If Aleksei Navalny Goes to Prison, Will He Become More Popular?

If the opposition activist is jailed even as he manages to convince the public that he is innocent, his stature will only grow.

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Police detain opposition leader Aleksei Navalny during a rally in central Moscow on December 15, 2012. (Reuters)

Aleksei Navalny says he is prepared to go to prison. But he is also determined to make sending him there as painful and costly as possible for the Kremlin.

One round in Navalny's long-running battle with the Kremlin will be decided in a courtroom in Kirov Oblast, where the trial that could land him a 10-year sentence is scheduled to begin on April 17. In that venue the outcome is likely preordained.

But the enduring part of the Navalny saga, the part that will have potentially long-term political implications, will be determined in the hearts-and-minds struggle to define him in the public imagination.

And it is here where the crafty anticorruption blogger and opposition figure just might have an edge -- even as he is being smeared by the state-controlled media

Last week, Navalny posted all the case materials from his upcoming trial online and used his blog and Twitter feed to urge the public to make up its own mind about his guilt or innocence.

In a recent interview with "Moskovsky komsomolets," he made a point of stressing that he has lived in the same modest apartment his whole life, drives a simple car, and sends his children to ordinary public schools.
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"This is the life of an ordinary Muscovite. And meanwhile they are telling fairy tales about how I stole millions," Navalny said.

Navalny himself says he's certain he will be convicted of organizing the theft of 10,000 metric tons of timber worth 16 million rubles ($520,000) from the state-owned KirovLes company.

"The case is ridiculous," he told "Moskovsky komsomolets." "All the evidence for the prosecution is simultaneously our evidence too, from the payments to the wiretapping by the FSB. It is immediately clear from the wiretap that I am absolutely innocent."

The case dates back to 2009, when Navalny was an unpaid adviser to Kirov Governor Nikita Belykh. It has taken so many dizzying twists and turns that even somebody unfavorably disposed toward Navalny would have suspicions about the allegations' veracity.

Since the investigation was first launched in December 2011, it has been closed for lack of evidence and then reopened numerous times, most recently in April 2012 at the very public insistence of Navalny's arch-nemesis, Investigative Committee head Aleksandr Bastrykin.

But in the case's latest incarnation, individuals who previously testified against Navalny are suddenly being named as his co-conspirators.

"The Investigative Committee has no legal strategy. It has a PR strategy," Navalny told "Moskovsky komsomolets." "My defense against this PR is to post all the case materials on the Internet -- all the payments, all the bookkeeping."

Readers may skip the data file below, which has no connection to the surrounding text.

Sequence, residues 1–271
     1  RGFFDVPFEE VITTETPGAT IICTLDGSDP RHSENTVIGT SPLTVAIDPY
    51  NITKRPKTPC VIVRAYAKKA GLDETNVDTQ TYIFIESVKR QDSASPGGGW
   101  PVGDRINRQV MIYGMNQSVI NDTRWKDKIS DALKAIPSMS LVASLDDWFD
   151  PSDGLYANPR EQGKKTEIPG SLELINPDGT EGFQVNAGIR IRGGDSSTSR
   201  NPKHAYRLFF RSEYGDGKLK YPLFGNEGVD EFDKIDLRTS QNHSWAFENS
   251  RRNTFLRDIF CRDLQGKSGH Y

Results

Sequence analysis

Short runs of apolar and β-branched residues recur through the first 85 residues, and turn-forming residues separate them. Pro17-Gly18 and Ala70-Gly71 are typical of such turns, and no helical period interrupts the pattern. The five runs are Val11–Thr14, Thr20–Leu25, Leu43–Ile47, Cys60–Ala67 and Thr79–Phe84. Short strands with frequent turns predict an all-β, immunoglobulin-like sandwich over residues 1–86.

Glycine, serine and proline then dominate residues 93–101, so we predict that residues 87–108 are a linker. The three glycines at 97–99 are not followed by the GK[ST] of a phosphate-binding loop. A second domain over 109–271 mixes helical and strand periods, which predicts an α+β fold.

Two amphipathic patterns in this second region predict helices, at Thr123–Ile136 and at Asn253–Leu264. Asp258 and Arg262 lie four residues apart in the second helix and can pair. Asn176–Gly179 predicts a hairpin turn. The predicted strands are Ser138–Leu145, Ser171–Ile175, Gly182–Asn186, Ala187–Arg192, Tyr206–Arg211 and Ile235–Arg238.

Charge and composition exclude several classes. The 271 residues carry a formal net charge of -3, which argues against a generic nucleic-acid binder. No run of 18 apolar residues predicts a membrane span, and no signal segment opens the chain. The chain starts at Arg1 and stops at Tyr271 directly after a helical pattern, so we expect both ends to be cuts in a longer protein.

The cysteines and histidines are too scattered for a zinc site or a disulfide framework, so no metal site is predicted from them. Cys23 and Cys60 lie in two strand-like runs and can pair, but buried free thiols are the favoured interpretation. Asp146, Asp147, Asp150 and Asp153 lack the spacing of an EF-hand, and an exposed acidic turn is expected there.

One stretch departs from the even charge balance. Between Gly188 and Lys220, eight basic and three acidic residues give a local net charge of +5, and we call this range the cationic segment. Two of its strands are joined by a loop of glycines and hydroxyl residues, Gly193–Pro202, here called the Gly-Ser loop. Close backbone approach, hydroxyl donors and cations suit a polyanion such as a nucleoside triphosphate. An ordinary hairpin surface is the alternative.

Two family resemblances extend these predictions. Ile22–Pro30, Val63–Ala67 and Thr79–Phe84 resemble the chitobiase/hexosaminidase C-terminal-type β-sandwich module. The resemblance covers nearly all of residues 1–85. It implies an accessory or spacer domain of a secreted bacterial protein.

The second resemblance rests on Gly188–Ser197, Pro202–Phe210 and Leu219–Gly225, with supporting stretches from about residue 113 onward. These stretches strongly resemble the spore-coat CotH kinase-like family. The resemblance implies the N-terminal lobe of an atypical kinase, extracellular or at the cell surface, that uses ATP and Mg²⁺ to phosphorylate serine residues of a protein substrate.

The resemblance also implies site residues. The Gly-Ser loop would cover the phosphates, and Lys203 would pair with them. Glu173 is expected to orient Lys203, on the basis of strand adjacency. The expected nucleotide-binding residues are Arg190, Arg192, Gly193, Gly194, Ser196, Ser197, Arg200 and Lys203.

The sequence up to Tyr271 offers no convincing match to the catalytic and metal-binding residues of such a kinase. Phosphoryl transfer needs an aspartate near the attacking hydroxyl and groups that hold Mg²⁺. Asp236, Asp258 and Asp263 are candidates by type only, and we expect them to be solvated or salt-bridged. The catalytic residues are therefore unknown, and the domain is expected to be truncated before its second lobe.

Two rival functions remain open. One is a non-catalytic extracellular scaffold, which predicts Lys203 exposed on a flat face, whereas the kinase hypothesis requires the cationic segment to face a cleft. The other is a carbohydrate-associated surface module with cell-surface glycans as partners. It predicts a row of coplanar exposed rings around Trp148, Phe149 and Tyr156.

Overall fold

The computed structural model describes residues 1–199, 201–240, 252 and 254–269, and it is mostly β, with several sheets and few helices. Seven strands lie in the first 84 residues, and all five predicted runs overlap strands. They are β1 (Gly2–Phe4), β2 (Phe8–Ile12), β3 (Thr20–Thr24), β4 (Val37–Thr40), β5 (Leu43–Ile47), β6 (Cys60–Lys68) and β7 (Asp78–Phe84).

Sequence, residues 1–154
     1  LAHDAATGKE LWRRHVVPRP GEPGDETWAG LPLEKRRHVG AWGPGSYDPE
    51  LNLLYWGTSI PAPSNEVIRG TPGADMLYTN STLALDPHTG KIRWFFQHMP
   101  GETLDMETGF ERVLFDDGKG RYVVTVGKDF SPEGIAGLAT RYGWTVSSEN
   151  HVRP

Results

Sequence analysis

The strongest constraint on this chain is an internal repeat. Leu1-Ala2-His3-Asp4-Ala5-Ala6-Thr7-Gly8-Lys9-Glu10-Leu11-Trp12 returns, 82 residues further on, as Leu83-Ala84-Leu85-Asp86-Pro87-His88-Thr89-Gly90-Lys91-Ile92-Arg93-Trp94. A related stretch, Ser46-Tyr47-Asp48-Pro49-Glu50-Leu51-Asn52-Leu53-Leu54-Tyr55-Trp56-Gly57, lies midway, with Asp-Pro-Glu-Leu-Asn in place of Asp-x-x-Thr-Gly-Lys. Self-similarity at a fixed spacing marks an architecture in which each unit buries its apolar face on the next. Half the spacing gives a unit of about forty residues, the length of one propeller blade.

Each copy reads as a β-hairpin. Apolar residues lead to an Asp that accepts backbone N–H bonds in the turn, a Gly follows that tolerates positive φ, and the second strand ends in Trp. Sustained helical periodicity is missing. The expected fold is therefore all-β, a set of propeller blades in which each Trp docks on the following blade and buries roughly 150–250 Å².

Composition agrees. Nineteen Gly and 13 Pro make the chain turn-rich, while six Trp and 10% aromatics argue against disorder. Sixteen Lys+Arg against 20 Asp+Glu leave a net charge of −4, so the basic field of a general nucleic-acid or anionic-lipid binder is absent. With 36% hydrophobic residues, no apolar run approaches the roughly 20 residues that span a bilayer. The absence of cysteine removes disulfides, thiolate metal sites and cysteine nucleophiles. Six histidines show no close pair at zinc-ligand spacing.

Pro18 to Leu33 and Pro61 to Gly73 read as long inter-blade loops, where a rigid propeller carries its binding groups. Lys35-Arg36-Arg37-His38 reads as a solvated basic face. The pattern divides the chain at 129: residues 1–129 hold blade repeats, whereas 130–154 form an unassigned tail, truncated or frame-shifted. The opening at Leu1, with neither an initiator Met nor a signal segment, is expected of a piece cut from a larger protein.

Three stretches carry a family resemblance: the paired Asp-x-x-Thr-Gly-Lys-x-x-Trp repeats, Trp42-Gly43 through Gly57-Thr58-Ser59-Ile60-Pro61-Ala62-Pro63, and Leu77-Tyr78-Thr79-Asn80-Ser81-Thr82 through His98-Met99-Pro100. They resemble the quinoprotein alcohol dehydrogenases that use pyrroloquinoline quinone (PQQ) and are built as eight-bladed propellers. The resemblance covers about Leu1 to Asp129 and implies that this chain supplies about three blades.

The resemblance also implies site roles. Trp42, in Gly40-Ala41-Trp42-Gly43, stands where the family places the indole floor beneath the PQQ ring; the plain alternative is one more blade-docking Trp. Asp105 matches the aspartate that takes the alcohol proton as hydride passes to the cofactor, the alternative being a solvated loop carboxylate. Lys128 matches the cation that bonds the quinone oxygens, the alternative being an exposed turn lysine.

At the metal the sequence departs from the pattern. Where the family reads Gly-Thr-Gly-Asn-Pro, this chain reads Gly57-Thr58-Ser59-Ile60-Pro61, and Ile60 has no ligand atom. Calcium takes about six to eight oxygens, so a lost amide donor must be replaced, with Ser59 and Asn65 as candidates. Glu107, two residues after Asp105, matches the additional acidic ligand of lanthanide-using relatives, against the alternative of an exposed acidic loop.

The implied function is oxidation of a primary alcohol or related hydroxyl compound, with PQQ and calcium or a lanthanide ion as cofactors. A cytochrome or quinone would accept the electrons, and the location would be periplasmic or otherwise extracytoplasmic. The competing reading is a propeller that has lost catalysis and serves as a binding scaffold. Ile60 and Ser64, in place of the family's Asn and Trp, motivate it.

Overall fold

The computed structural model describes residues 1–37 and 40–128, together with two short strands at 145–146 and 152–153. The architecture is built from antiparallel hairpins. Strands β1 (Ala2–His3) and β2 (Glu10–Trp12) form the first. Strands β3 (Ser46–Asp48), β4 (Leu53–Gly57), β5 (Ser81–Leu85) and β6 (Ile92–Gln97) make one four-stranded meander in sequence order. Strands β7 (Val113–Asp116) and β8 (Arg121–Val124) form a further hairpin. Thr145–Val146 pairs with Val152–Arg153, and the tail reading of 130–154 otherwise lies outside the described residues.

The strategy is classic Navalny -- using his nimble online organizing skills and his army of devoted supporters to get his message out.

But it also represents something of a twist.

Up until now, Navalny excelled at this online looking-glass war by playing offense. He famously rebranded United Russia as "swindlers and thieves." He exposed Bastrykin's undeclared property in Europe and managed to dub Russia's top cop "Foreign Agent Bastrykin." He forced the issue of top officials' overseas properties into the national conversation.

But with his trial looming, and with state television certain to be repeating like a mantra that "Navalny stole 16 million," he now appears to be taking steps to define himself, to seize control of his own public image and narrative.

The authorities can, no doubt, get the verdict and the sentence they want from an expectedly obedient Kirov court -- the evidence notwithstanding.

But if they imprison Navalny even as he manages to convince a critical mass of the attentive public that he is innocent, his stature will only grow -- and take on the added glow of martyrdom.

In various interviews, including a recent one with "The New York Times," Navalny has suggested that the real goal of a conviction could be to legally disqualify him from running in the upcoming elections to the Moscow City Duma -- something he says he is planning on doing.

If that is the Kremlin's goal, he would likely receive a suspended sentence.

"If they give you a suspended 10-year sentence, you are sitting in a restaurant in Moscow fat and happy and cannot say the bloody regime ruined your life," he told "Moskovsky komsomolets." "But you cannot run for anything either."

But Navalny also doesn't rule out the possibility that he could be sent to prison. "There is a high probability that this will happen," he said. "The thought does not give me the slightest pleasure, but I have been ready for it for the past few years."

And even if he is sent to prison for a decade, Navalny says he believes time is on his side and he is certain that the regime will change before his term is up.

"The regime can extend and revive itself, but everyone has come to understand that it is doomed," he said. "Nevertheless, difficult times lie ahead for us for a year or two."


This post appears courtesy of Radio Free Europe/Radio Liberty.

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